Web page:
(1) Immediately issue a formal apology for equating the name of Geronimo with Osama bin Laden as part of the military exercise;
(2) Immediately issue an Executive Order, as Commander in Chief, that the name “Geronimo” never be used disparagingly and in association with a known enemy of the United States;
(3) Promote Federal Indian Policy that seeks to uplift and recognize Native American contributions to society, such as that of the San Carlos Apache Tribe, and implement policies to improve the way of life for the Apache people.
As described in more detail below, the San Carlos Apache Tribe takes this opportunity to provide you historical perspective and context as to why the use of Geronimo’s name is so highly offensive and how this misuse and degradation of our Apache leader’s name is symptomatic of the challenges and problems we face on the San Carlos Apache Reservation.
Geronimo, which was not the name actually provided to him by his family and instead was referenced to him by Mexican and early American settlers, was one of many Apache leaders of the San Carlos Apache Tribe who took arms to defend their homes, women, children, land base and way of life. This country was not barren when early settlers arrived. The land was lush and well populated by many proud Native American Indian nations.
In February 2009, the San Carlos Apache Tribe honored Geronimo with a special dedication on the San Carlos Apache Reservation commemorating the 100th year of his passing. The Arizona government and the United States government similarly honored Geronimo and H.Res. 132, from the 111th Congress, honored Geronimo for his “extraordinary bravery, and his commitment to the defense of his homeland, his people and Apache ways of life.”
The San Carlos Apache reservation encompasses over 1.8 million acres and is home to over 14,500 enrolled members, as well as many non-members and non-Indians. I am proud to serve as chairman of the San Carlos Apache Tribe that honors its veterans with extensive Veteran’s Day celebrations consisting of a parade, rodeo, carnival and other festivities. It is with great pride that we honor our veterans who endure great hardships for the benefit of our freedom and safety. For these reasons we have always and continue to support and praise our veterans for traveling far and wide to engage in combat so that Americans can continue to live in freedom.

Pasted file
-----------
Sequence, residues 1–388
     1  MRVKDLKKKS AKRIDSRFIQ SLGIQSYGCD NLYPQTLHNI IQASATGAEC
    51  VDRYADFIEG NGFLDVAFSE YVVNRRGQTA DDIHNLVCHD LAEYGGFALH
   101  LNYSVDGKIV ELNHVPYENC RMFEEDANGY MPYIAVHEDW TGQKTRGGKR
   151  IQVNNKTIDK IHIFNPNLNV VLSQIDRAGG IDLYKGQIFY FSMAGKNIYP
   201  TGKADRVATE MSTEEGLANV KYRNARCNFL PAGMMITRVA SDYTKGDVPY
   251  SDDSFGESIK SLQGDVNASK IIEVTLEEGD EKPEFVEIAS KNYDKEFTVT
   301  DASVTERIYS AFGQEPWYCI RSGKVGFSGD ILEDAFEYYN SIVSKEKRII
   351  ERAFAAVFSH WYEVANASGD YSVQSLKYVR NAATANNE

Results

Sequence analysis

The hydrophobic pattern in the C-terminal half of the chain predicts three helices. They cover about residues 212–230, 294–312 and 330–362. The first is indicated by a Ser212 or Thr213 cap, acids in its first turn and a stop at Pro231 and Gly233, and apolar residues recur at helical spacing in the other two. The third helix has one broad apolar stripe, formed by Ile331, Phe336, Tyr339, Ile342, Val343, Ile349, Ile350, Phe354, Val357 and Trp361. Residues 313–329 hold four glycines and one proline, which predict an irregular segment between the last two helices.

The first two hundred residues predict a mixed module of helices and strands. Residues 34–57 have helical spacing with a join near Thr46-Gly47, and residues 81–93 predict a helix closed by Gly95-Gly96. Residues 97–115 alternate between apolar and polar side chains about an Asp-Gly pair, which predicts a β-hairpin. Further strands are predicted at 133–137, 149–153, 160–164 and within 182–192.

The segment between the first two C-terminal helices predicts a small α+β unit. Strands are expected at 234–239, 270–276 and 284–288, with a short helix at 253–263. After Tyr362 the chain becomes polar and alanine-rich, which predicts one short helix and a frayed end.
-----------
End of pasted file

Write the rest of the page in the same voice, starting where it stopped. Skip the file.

Numerous Apache families have informed the San Carlos Apache Tribal Council of their extreme disappointment and mental anguish from learning that such an evil and hated man and number one enemy to the United States was designated as Geronimo in a military operation. To be told that the name Geronimo is associated with Osama bin Laden is a cruel irony for a people that have fought heroically and steadfastly for the United States of America.
It is important to note that the use of language and names is critically important under the Apache way of life. In the Apache language, specific words have very special and unique meanings. So, while some may find that using Geronimo as a code name does not have much meaning, the opposite is true for members of the San Carlos Apache Tribe.
Native Americans, such as the San Carlos Apache Tribe, have contributed greatly to the development of the United States. Nearly all of the current agricultural crops were obtained from Native Americans. America’s democracy was modeled after Iroquois traditions as being a preferred governmental structure as compared to the monarchies of Europe.
The use of Geronimo in association with the most hated enemy of the United States only reinforces negative stereotypes of Apaches as somehow enemies of the United States. As I am sure you are aware, countless Native Americans have fought valiantly on behalf of the United Staes of America, including Ira Hayes, an Arizona O’odham, who was one of the Marines who raised the flag at Iwo Jima in World War II. A Hope female servicewoman recently received honors in Arizona after being killed in the Iraq conflict. We have numerous members of the San Carlos Apache Tribe that are serving in the United States military in Iraq and Afghanistan. It does them a great injustice to refer to Osama bin Laden as “Geronimo.”
Unfortunately, the history of the San Carlos Apache Tribe has been replete with broken promises by the federal government which has substantially contributed to the social problems Apaches face in everyday life. We suffer from extremely high unemployment, alcohol abuse, drug abuse and other social ills that have contributed to cycles of poverty on the Reservation. Since the inception of the San Carlos Apache Tribe, federal policies ranging from the removal of the tribal members from its most fertile lands to the attempted elimination of Apache language and culture have created extreme hardships for the Apache people. Yet when it comes to serving our country, no people have fought more valiantly and courageously than the Apaches.